This is what happened with Jack and me. Sara almost said it out aloud. She looked carefully at the man opposite. He even looks a bit like, Jack. She scribbled on.

‘Man like a zombie.

Absolutely no connection between him and them.

Child over-compensating with the woman.’

The teenage girls left the train. Sara strained to hear the conversation between the child and the woman. The boy was fiddling with the woman’s necklace that hung low over her cleavage. He suddenly fondled her breasts. She gently pushed his hand away, laughing.

‘You’re too old for that now!’

‘Why? Daddy does it, and he’s older than me!’

The man and the woman looked at each other and burst into laughter, the man showing fine white teeth. His face was transformed.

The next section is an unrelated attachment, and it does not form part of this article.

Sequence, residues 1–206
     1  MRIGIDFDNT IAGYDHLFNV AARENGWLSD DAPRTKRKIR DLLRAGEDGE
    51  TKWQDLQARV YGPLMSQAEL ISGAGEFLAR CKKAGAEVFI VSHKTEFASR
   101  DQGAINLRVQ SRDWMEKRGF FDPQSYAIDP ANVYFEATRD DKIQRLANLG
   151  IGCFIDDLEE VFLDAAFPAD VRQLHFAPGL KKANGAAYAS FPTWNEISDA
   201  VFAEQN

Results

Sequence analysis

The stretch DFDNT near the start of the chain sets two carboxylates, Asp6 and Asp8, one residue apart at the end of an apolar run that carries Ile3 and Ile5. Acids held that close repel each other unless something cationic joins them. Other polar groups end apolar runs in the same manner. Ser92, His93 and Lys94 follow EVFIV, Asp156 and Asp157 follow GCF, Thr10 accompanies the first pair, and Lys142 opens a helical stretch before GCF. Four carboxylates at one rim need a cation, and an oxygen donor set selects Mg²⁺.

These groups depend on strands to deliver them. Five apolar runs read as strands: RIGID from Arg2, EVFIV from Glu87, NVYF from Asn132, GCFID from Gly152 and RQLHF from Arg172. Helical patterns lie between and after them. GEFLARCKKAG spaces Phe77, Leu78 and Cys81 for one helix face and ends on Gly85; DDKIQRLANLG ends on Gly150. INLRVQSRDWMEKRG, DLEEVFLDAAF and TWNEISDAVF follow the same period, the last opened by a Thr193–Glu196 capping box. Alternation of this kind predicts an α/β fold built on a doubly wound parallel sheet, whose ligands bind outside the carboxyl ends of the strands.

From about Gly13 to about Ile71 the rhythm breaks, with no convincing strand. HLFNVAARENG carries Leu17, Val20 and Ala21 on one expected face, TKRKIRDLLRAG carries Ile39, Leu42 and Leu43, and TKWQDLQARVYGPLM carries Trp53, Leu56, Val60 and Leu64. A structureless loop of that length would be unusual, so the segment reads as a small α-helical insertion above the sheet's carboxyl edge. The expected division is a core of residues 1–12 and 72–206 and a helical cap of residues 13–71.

The boy turned to the man and hugged him. ‘You do, Daddy!’

The trio left the train. Sara put a line through her notes.


Runner up poetry piece:-

The Little Blue Boy by Martin Webster

I see him lying there, here, but not here, still, new, blue, behind the flimsy barriers of the incubator, but glass-sharp memories cemented on a wall-top stop me looking over.

In my hope against hope he is boy me again, running home with a model aeroplane, spinning propellors swooping over ash heaps, loop-the-looping away from local bully Christopher Brown’s daily persecution. Camouflaged, the plane can hide, but my balaclava, knit blue-for-a-boy, kingfisher-flashes in his peripheral, predator’s vision.

And the chase is on.

Those holes in my plastic sandals designed to collect grit do their worst, pin-sharp predictors of an inevitable prat-fall onto the sweeter targets that are my hands and knees.